How’s this for an AvGeek irony: it’s hard to planespot from a plane. Sure, while you’re on the ground there’s tons of aircraft around. But once you’re in the sky you’re zooming by other planes so rarely — and so quickly — that it’s hard to catch any of them. But one recent flight I took was a fun exception to that rule.
Thanks to a winter wave of employee COVID infections and a high-profile system meltdown, Jetblue had a tough past year from an operational perspective. But they rebounded from those issues, and their onboard economy product still shines strong — especially the free high-speed inflight internet (“Fly-Fi”).
Fly-Fi is one of JetBlue’s major points of differentiation, and they know it
To minimize touch points in the COVID era, you can use your smartphone to control the screen
Fly-Fi is a high-bandwidth satellite-powered system that’s now available across the fleet. It provides gate-to-gate connectivity so you could start using it from the moment you board. On my flight from New York to Mexico I waited to log on since there were great takeoff views to be had.
Spirit Airlines Airbus A319 landing.
Spirit has announced a new fee structure and it is causing some airline-hate.
For me, Spirit is the best example of a US-based ultra low cost carrier. They have perfected the art of ala cart pricing, where they offer rock bottom fares, but then have fees for everything else. I think Ryanair holds the crown currently for world-wideÂ uber ultra low cost carrier, but Spirit is quickly catching up. Spirit’s creative fees (ie charging for carry-on bags) causes a lot of media-drama, but it works for them. Most recently they announced aÂ change in their fee structure.Â If you wait until the last 24 hours before your flight to pay the bag fees, you are going to pay more, but if you pay with more than a day’s notice, your fees stay the same.
Looking at some of the headlinesÂ relatedÂ to this story, you would think Spirit just stole your first born child.Â For example,Â Jaunted titled their story, “Spirit Airlines Raises Baggage Fees Again, Screws Over Passengers.” Then, last night the The Consumerist had their story titled something like “Airline charges you a fee to pay a fee,” trying to insinuate some sort of evil double fee. However, it looks like they came to their sense, since this morning, the title has been changed to, “Spirit Airlines Adds Fee For Not Paying Your Baggage Fees Far Enough In Advance.”Â I have to give them credit for the change.
When first looking at the fees (early vs late, domestic vs international, early vs late), it got very confusing. Luckily Spirit simplified it for me into four tiers:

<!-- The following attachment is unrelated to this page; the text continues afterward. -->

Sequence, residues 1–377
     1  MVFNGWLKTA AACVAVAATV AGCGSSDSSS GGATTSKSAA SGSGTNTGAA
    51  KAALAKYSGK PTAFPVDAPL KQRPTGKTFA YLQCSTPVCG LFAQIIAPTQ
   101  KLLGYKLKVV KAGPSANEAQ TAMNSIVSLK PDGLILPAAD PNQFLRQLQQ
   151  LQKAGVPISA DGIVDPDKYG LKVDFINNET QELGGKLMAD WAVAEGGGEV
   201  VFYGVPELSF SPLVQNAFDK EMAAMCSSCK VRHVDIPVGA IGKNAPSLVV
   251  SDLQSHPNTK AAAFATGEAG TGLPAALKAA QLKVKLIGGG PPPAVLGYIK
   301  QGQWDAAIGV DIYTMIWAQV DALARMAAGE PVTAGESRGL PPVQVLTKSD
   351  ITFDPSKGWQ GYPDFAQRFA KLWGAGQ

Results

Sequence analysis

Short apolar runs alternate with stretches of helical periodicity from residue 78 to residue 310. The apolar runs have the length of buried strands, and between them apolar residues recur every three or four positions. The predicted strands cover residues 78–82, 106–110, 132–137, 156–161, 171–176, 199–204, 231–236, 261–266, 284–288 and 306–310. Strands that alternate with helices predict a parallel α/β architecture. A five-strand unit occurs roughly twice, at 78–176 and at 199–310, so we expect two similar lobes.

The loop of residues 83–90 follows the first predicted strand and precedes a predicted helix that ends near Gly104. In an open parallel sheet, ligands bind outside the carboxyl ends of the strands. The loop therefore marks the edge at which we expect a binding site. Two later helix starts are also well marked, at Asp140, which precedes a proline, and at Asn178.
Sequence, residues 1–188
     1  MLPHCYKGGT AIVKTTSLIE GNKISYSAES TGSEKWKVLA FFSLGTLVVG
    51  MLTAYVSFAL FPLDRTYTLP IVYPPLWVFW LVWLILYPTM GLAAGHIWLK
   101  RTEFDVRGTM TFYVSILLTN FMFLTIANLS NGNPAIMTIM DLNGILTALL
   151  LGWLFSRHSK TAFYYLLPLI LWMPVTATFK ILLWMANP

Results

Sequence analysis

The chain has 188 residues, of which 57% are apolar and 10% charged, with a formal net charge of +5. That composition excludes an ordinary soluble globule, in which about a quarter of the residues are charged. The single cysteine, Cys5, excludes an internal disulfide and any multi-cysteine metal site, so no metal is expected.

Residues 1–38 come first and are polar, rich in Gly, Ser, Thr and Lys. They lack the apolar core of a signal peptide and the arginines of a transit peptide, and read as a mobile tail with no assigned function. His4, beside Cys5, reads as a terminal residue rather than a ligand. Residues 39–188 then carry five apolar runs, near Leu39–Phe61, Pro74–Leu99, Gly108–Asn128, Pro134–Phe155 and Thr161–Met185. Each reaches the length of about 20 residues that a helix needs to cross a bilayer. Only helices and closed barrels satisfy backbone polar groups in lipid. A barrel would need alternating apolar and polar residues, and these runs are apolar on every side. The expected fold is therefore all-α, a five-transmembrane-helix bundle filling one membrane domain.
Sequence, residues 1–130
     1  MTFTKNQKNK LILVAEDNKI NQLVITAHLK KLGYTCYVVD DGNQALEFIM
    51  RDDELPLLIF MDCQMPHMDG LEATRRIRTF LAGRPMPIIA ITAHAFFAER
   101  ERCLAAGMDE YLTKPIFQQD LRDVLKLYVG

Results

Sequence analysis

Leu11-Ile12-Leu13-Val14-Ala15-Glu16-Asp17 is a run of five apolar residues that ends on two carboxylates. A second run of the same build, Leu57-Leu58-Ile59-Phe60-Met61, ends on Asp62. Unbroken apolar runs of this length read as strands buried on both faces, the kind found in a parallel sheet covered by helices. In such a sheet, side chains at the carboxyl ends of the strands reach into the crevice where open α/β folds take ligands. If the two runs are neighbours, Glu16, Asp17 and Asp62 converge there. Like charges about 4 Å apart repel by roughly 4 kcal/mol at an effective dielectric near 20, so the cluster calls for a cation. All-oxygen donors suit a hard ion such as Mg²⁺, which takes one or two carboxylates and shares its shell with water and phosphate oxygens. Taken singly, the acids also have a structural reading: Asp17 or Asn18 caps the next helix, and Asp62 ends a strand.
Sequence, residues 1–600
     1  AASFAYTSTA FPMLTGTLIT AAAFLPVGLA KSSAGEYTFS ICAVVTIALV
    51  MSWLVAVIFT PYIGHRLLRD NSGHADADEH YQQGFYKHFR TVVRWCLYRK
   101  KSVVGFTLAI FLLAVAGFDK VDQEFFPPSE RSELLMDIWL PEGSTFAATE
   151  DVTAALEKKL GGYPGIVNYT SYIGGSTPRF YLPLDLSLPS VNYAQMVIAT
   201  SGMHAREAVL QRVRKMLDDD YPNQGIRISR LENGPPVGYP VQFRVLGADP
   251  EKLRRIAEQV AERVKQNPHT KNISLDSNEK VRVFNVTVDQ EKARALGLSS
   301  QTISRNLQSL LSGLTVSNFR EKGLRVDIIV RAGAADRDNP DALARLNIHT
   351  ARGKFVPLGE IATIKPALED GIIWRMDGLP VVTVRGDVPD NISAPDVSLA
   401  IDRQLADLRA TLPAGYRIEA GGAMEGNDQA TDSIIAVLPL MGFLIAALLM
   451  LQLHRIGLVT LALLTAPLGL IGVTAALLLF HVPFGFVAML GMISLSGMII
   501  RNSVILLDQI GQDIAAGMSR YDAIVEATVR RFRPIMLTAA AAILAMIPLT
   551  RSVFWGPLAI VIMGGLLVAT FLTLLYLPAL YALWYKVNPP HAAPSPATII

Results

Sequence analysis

1. When reserving online more than 24 hours in advance: no price changes
2. While checking online or by telephone: $5 more
3. Waiting until at the airport check-in counter or kiosk: $10 more
4. Pay at the gate: flat $45 fee
Pretty much, if you do not do things last minute, you aren’t going to be charged more. Plus, if you are part of their $9 Fare Club, you will save $10 per fee. Why wouldn’t Spirit do this? People keep flying and paying their fees and Spirit made almost $56million in bag fees alone last year just from January to September (to compare, Delta made over $730million during the same time). This is a lot of extra revenue and very tempting for airlines not only to keep fees, but look at other creative ways to add to fees. According to Dan Webb on Things in the Sky, Spirit has been able to increase their over all bag fee per passenger from $9.59 in the fourth quarter of 2009 to $16.82 for the fourth quarter of 2010.
Some are trying to lobby the government to fight the bag fees and force airlines to include your first bag in the price of your ticket. This just seems inappropriate to me. In the long run, airlines will charge more overall for your ticket and fees and fares should be market driven, not dictated by the government.
Airlines like Southwest and JetBlue still refuse to charge passengers for their first bag, providing alternative for passengers.Â “Southwest has a 40 year history of sharing the wealth of the maximum value we provide â€” whether it’s in the Customer Service of our People, the predictable efficiency of our operation, or the transparency of our pricing and low fares,” Brad Hawkins with Southwest Communications explains. ” Bags Fly Free and ticketing changes are the pillars of our fee-free stance in not nickel and diming our Customers.”
If you don’t want to pay the fee, then either pay more for a first class ticket or choose an airline that won’t charge you a fee. Even with fees, airline travel with-in the US is very affordable and it is a good thing many can take it for granted.
Image: Noel back in Zurich
The CEO of JetBlue has decided to lower his salary from $500,000 to $250,000 for the remainder of the year due to the worsening airline economy. They have also put a hold on route expansions and receiving new aircraft.
Even though $250,000 per year can still go quite far and it is only for 6 months or so, I think it does show a lot when a CEO is willing to suffer a little bit with the rest of their employees.
Source: The Guardian Image: FlyianÂ